Third, social-democratic ideas, including the revolutionary ones, advocated by the Leninist RSDLP, had always been popular and influential in Latvia due to the high socio-economic development of the region. Soldiers were no exception.
After the February revolution these processes intensified even more and by the summer of 1917 Bolsheviks had the majority in the Soviets of soldier deputies of the Latvian riflemen. Meanwhile, the front was falling apart, nobody wanted to fight and everybody was tired of the war. On September 2, 1917 the Germans occupied Riga.
In the meantime, the Bolsheviks were preparing a rebellion in Petrograd. To ensure success, they needed military support from combat-ready army units. And the only units that still had a high level of readiness, discipline and military skill were the Latvian units and they almost fully supported the Bolshevik party.
During October 1917 events Latvian riflemen, following the orders of the CC of the RSDLP, occupied railway junctions around Petrograd preventing the Temporary Government from bringing in loyal troops. Latvian riflemen took over the most important positions in the Russian capital blocking bridges, phone, telegraph and railway stations, as well as major road junctions. And only then was the famous round fired from the “Avrora” and the red guards and sailors occupied the Winter Palace – the symbolic seat of the Russian government.
On November 22, 1917 the 6th Tukums regiment of the 2nd Latvian division settled in full in Petrograd as the main military unit of the new Bolshevik government entrusted with the maintenance of order in the city and prevention of any counterrevolutionary insurgencies.
At the end of November 1917 a separate, related company of the Latvian riflemen was formed. This company became the main security unit of the Bolshevik government and V.I. Lenin personally. Its members guarded the government when it moved from Petrograd to Moscow. The 9th Latvian Riflemen regimen was established there to ensure the security of the Kremlin and the Soviet government.
Due to November revolution Germany exited the war and it was forced to agree to a truce with the Entente on November 11, 1918. This allowed Russia to annul the restrictive Brest peace treaty. At the same time, Germany and the Entente, recent enemies that sent thousands of troops to the carnage of war, immediately joined their forces against the revolution. Germany was allowed to leave its troops in the seized territories of the former Russian Empire with the condition that it would ensure no revolutions there.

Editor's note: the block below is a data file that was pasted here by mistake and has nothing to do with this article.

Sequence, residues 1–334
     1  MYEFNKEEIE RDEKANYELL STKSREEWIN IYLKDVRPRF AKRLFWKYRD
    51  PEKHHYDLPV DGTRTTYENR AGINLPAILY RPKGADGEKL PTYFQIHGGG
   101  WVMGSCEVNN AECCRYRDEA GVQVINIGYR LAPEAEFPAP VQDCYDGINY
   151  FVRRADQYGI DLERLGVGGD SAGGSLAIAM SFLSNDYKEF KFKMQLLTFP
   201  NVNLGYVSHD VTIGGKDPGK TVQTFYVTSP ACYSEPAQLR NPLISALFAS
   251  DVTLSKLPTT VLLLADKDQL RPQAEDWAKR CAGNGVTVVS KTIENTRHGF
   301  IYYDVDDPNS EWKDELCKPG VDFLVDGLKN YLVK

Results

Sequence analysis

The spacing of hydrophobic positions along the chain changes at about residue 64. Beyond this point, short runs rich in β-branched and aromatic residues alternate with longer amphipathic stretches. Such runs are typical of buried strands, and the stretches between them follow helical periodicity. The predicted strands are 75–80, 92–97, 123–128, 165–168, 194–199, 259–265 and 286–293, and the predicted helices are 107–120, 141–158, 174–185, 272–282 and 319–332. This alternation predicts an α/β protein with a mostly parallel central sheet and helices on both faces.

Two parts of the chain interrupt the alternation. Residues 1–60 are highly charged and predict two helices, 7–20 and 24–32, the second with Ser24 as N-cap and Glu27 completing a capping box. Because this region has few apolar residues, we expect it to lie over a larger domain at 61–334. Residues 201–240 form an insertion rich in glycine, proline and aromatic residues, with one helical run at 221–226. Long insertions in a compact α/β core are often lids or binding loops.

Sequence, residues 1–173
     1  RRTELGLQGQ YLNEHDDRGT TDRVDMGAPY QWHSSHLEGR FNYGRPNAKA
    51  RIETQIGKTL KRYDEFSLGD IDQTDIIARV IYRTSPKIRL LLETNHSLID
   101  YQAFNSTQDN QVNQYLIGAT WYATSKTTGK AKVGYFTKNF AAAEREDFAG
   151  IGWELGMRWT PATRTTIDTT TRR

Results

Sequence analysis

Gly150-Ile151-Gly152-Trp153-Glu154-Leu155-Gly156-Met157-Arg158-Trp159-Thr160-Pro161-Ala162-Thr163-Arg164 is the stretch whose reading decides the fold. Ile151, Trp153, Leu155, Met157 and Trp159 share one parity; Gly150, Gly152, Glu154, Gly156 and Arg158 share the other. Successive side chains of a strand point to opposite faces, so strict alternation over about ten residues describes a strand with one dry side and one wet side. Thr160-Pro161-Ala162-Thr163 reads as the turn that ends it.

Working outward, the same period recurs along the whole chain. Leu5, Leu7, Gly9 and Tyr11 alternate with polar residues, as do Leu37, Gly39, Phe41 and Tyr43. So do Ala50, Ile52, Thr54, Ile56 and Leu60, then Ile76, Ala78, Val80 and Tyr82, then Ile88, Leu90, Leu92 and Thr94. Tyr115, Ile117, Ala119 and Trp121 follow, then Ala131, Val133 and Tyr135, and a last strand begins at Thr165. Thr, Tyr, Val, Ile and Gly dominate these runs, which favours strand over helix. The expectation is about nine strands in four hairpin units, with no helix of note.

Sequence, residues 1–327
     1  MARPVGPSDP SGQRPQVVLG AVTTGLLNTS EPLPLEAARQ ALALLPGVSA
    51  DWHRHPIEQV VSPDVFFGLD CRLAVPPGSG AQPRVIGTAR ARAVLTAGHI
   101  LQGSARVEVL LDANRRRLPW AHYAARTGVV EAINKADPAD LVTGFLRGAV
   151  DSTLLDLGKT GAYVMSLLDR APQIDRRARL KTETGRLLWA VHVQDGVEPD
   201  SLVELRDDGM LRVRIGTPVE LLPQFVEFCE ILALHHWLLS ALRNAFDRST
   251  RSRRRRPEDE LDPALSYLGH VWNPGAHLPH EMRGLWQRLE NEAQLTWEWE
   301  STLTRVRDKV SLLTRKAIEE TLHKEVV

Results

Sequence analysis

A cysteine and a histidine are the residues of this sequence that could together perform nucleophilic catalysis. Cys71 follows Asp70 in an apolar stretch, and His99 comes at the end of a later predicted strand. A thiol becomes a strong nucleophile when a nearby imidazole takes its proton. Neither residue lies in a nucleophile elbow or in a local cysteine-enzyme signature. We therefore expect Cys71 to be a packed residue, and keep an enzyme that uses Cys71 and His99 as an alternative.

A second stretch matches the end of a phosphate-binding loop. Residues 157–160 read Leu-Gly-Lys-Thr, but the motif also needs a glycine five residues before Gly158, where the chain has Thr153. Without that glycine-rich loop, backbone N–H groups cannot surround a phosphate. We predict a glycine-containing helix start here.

In the unoccupied part of Latvia the Soviet of worker, landless and soldier deputies, created in June 1917, had a meeting on November 8th and 9th in a small town of Valka, during which it declared that all the power in Latvia belonged to the Soviets.
Almost at the same time, on November 18, 1918 an illegal conference of the Social-Democratic Party of Latvia was held in the German-occupied Riga, during which the organisation of an armed rebellion was named as its main task. Also, in the shadow of German bayonets, there was a completely legal meeting of the so called National Council consisting of the members of eight bourgeois and nationalist parties that declared “independent” Latvia and formed a temporary government. Karlis Ulmanis, leader of the nationalist conservative party “Farmers’ Union”, became the head of the unelected government.
Meanwhile, the units of the Red Riflemen approached Riga, liberating Latvia from the German occupiers. With December 4, 1918 decision of the CC of the Social-Democracy of Latvia the new Socialist government of Latvia, headed by Peteris Stucka, was formed. On December 17th the temporary Soviet government of Latvia published a manifesto where it declared that all the power was handed over to the Soviets of worker, landless and riflemen (soldier) deputies. Occupational forces and the Latvian bourgeois “government” were declared to be deposed and their decrees and orders – invalid. Some of the first normative acts abolished the ownership of land and introduced an eight-hour working day.
The Soviet government of Latvia approached the government of the RSFSR requesting to recognise the independence of the republic. In response, on December 22, 1918 the Council of the People’s Commissaries of the RSFSR adopted a decree “On the Recognition of Independence of the Soviet Republic of Latvia” which was signed by V.I. Lenin.
This is the reason why the bourgeois historians lie when they claim that the independence of Latvia should be counted from the day of creation of the puppet government of Ulmanis. Chronologically, the Soviet Socialist Republic of Latvia was the first Latvian state in the whole of the world history.